Julian Gough wrote a brilliant essay recently about the decline of comedy (with thanks to Badgerdaddy for the link) and why modern writing must be tragic to be considered to be of literary merit. Go and read it – it’s long but well worth it.

I’m telling you, I’m tempted to write a comedy book taking the piss out of my terrible childhood just out of spite. Maybe I’ll start a new genre. Hilariabuselit or something.

Not that I was abused, mind you.



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  1. Yeah kav, I agree. If all they really wanted to do was tell the true story of their horrendous life so people could know they’re not alone, they’d get a fucking blog like a normal person.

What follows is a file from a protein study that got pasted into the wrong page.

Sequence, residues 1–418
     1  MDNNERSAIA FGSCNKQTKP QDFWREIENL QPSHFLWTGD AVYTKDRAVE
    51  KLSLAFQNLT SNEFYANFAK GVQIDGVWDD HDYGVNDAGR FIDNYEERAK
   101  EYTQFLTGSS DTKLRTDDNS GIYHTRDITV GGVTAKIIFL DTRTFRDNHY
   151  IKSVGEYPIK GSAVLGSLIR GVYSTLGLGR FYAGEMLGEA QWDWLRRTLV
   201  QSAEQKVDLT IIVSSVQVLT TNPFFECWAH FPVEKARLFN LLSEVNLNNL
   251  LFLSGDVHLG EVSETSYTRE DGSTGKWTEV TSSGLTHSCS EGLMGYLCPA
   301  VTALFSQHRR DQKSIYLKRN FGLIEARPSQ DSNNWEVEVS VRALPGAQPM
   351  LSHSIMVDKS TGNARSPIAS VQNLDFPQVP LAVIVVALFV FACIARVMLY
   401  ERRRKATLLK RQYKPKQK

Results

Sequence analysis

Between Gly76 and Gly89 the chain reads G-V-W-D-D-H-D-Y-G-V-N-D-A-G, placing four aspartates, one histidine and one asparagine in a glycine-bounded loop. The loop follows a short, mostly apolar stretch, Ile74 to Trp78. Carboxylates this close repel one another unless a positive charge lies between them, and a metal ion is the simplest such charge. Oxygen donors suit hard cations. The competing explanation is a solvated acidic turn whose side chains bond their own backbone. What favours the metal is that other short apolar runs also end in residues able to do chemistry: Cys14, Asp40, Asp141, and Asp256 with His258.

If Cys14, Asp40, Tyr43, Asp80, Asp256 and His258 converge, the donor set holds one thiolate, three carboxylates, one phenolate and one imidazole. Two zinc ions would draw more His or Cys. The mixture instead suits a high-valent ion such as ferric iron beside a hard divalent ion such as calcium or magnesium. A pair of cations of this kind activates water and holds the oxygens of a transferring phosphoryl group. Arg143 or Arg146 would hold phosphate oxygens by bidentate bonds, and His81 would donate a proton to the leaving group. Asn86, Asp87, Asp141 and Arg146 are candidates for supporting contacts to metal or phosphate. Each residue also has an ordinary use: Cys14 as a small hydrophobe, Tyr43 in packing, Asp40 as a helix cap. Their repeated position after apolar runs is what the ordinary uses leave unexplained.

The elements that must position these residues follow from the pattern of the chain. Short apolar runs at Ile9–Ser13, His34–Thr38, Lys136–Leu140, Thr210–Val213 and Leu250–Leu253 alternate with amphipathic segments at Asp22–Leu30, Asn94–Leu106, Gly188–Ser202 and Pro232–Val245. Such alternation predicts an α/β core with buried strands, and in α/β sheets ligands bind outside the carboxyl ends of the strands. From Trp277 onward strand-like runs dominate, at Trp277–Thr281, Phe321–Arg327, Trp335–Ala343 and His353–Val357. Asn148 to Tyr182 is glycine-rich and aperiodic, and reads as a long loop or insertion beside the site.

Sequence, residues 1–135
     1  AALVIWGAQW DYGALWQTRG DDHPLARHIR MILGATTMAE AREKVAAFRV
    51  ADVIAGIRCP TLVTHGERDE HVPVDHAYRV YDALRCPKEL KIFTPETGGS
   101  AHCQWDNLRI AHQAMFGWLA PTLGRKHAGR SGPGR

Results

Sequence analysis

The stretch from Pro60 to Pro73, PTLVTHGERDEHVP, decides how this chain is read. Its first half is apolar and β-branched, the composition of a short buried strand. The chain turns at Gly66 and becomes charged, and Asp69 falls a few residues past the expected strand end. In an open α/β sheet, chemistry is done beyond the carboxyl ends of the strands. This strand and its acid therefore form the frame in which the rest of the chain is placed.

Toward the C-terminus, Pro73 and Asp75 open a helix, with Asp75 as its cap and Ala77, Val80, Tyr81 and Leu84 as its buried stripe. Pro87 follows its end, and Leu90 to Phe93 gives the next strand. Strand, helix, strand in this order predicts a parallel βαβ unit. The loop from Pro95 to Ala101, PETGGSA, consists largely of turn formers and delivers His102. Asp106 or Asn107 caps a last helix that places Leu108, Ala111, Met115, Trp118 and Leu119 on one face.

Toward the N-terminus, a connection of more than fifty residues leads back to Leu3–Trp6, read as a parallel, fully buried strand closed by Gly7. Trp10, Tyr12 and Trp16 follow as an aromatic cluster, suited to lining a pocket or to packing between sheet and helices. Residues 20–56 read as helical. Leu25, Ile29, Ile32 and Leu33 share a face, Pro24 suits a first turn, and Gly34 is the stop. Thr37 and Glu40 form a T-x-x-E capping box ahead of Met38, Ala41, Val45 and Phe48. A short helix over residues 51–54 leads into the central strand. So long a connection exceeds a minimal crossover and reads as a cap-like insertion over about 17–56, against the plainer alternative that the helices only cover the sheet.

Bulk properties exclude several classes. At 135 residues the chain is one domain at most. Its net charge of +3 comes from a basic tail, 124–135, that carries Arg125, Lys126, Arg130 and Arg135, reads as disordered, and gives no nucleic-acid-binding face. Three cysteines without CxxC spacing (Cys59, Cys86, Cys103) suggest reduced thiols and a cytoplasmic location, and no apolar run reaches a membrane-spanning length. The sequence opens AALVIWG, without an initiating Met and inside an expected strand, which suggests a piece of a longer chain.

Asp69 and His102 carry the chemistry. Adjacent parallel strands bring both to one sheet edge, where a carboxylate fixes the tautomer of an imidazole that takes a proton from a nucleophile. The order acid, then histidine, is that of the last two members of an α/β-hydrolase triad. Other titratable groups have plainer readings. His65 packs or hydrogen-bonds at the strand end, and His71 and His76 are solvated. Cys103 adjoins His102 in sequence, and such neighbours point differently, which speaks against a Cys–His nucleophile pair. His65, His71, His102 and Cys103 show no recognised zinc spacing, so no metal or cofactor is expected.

2. Great post today. I hate “band-jumper-on-ers too. I remember when Oprah tearfully admitted smoking crack – I never watched her show again.

  3. Hey! I just posted a comment and it was lost.
    Anyway, it’s really simple. People get off on other people’s misery because it makes them feel superior.
    Frank McCourt’s story of his awful childhood sold well so people could say, well aren’t I lucky?
    If you tell your life story in terms of “hey, I had a shitty childhood but what’s really important is how I thrived in spite of that and all I managed to achieve” people will cut you down right quick.

  4. Medbh, that’s just it though – is that not what those books are about, and how they’re written? And yet they’re incredibly popular.

    jali: Oprah smoked crack? Holy crap. She’s a lunatic, that wan.

  5. I’m sure I didn’t give you that link. I don’t usually link to clever stuff, see. And that’s clever.

  6. PS: I fucking hate these books too.